That was a moment that could have been nothing, that could have been forgotten by morning tomorrow. But now, I will remember it. It was me alone with my four living children, everyone happy, while the sun came up over our corner of the world.
While I'm writing, I will share something with you that rocked me a little. I was in the shower yesterday pondering the amazing truth that I have four daughters and one son. Four seems like a lot of daughters for one person to have, it's getting on towards a collection of girls when you get that high, although of course three is a pretty normal amount of girls which is all a person can actually see of our family. But in the context of my considering the number of daughters I have, I stumbled upon a memory I hadn't picked out of the box in a while and it is this:
She is lying in my arms, her head in the crook of my left elbow, and she's just been born. I am dizzy with the overwhelming and surprising overlap of two, seemingly opposite emotions: intense, incredible joy at the little baby in my arms, paired with a haunting, suffocating grief I have never before felt in my life. I'm crying for the wonder and disbelief of the child I have created and grown and birthed and for the tragedy that will tear her from my arms in a quarter day's time. Through my tears, I gently move her tiny leg to the side and see that she is a girl child.
I look at my husband's face and I say to him, she's a little girl, we have a daughter.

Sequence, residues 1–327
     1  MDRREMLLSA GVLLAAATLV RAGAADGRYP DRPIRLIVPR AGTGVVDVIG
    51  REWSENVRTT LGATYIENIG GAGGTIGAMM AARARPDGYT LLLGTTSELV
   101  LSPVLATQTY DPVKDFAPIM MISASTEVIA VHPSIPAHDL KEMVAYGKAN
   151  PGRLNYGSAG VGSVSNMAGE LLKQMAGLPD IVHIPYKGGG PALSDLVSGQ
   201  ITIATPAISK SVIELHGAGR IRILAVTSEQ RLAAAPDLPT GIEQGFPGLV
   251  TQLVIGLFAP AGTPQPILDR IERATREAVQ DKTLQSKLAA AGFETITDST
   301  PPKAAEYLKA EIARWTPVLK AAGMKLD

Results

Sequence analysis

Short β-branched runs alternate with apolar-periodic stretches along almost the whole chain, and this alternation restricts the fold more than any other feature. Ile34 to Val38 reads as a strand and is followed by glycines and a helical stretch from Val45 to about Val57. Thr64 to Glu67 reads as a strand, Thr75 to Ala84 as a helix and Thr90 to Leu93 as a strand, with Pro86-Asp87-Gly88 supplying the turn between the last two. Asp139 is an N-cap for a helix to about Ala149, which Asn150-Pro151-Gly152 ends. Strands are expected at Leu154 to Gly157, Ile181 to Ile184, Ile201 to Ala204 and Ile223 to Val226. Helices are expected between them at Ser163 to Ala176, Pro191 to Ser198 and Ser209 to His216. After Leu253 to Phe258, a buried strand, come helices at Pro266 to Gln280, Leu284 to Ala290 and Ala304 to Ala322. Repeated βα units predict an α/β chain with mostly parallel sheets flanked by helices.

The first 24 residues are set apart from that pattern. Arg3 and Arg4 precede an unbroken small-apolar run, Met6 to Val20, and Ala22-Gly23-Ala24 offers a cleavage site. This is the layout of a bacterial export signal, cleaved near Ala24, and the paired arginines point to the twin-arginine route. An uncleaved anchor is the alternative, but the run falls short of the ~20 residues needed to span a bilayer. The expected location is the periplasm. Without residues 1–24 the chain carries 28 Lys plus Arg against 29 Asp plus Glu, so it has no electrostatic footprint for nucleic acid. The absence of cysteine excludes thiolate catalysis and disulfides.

Something about that word, daughter, sears it on my heart as the thing I will covet most: daughter. With the word daughter becoming mine, in turn I seize also the word mother, the word parent, the piece of my soul I have always meant to be the most important.
I used to think about that moment every single day, maybe 50 times. It was a part of the story I repeated to myself again and again: we have a daughter, we have a daughter, we have a daughter.
And now, in the process of collecting more of those precious, irreplaceable daughters for our amazing family, I have forgotten to think about this moment in time quite so often.
Just another one of those things that changes.
Thursday, December 8, 2011
Greg went into Fiona's room late last night, after hearing her cry out.
She was lying peacefully on her back, staring up at him.
"Charlotte is sleeping," she told him. He agreed.
"Charlotte has wings" she stated, and turned her head to the side and closed her eyes.
Interesting, given that we've never, ever told any of our children that Charlotte is an angel.
But perhaps she is.
Wednesday, December 7, 2011
How I could have let it pass over me, I'm not certain. Memories get replaced by newer ones, I suppose, pushing onto the sidelines those that once circulated like wispy smoke through my brain: the happy moments before the storm, that vicious cyclone that ripped through my life and left me bleeding on the side of the road, broken and spent.